Features observed in the Type B clasts will be discussed in terms of the processes that occur during the eruption or during the intra-crater recycling.
We will pay particular attention to the crystallinity and the groundmass texture, to the relationships between groundmass crystallisation and surface properties of the clasts luster, colour, texture and to the meaning of subsolidus transformations in some mineral phases. As stated before, thermal processes are responsible of the largest and most pervasive post-fragmentation modifications. For this reason, the comparison of the natural variability of Type B clasts with the results of experimental reheating of clasts of comparable composition performed at variable T and redox conditions 16 , 17 appears to be extremely useful.
First of all, we totally exclude the notion that crystal nucleation and growth is related to quenching during the ejection both for type A and B clasts. Therefore, microlites in the groundmass of studied clasts are assumed to reflect the response to cooling, or syn-eruptive degassing during magma ascent along the conduit 26 , In this context tachylites, which contain a large amount of microlites, have been quite often associated with the slowly rising and crystallising magma along the margins of the conduit 7.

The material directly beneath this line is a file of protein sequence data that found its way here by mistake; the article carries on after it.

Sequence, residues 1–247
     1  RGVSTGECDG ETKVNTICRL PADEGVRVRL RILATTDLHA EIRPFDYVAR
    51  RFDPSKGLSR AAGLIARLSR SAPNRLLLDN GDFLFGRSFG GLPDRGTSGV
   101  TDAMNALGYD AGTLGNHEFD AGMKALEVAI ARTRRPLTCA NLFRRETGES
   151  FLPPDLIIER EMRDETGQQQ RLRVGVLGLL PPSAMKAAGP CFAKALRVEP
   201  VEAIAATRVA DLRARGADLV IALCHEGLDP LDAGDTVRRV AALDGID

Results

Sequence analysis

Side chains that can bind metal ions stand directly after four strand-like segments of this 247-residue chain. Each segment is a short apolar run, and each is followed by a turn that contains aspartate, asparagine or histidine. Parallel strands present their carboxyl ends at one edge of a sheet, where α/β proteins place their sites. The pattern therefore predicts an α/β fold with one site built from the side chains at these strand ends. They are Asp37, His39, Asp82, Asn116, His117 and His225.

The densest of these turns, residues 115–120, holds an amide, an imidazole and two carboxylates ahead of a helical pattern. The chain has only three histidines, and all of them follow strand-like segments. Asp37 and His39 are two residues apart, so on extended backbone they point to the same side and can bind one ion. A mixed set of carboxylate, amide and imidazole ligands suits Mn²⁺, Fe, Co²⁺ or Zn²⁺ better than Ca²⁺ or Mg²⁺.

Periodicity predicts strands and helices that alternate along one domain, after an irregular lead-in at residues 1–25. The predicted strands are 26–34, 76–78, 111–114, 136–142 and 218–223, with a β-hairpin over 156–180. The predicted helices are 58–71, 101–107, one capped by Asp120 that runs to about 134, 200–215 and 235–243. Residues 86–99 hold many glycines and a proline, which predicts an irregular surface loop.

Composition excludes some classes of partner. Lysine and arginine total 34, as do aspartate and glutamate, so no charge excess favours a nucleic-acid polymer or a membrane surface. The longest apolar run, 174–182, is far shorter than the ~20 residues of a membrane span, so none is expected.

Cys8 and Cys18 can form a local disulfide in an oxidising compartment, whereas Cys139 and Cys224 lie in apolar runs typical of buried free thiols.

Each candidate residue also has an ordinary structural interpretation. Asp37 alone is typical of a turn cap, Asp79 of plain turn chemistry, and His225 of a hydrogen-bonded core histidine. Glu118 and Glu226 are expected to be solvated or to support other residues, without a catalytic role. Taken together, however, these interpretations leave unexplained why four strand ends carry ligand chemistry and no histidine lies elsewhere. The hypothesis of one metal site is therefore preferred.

As a general rule, temperature, redox conditions and increasing exposure time control the groundmass crystallisation. During reheating, groundmass crystallisation, revesiculation and cracking of external surfaces occur to restore a new equilibrium state. Thermal treatment of previously formed glass is in fact a general method for inducing massive crystallisation in the glass in order to produce glass-ceramic. Also in this case, the temperature and duration of the heating process are the most important parameters that control crystal nucleation and growth.
The reciprocal role of these parameters can be synthesized in a time-temperature transformation diagram known as TTT diagram Time-temperature transformation diagram known as TTT diagram , based on experimental results 16 , Diamonds correspond to the experiments reported in The black line separates the field of crystallisation at its right from that of unmodified glasses.
The quenching rate of 1. T n is the temperature corresponding to the minimum dwelling time, for massive groundmass crystallisation at constant temperature. The fine black arrows indicate the groundmass texture of clasts reheated at corresponding temperature and time conditions. The paths 2 and 3 represent possible trajectories of ash recycled at high and low temperature, respectively. In Fig. Thus we can infer that ash fragments quenched with comparable cooling rates preserve their original features and can be interpreted as primary juvenile clasts.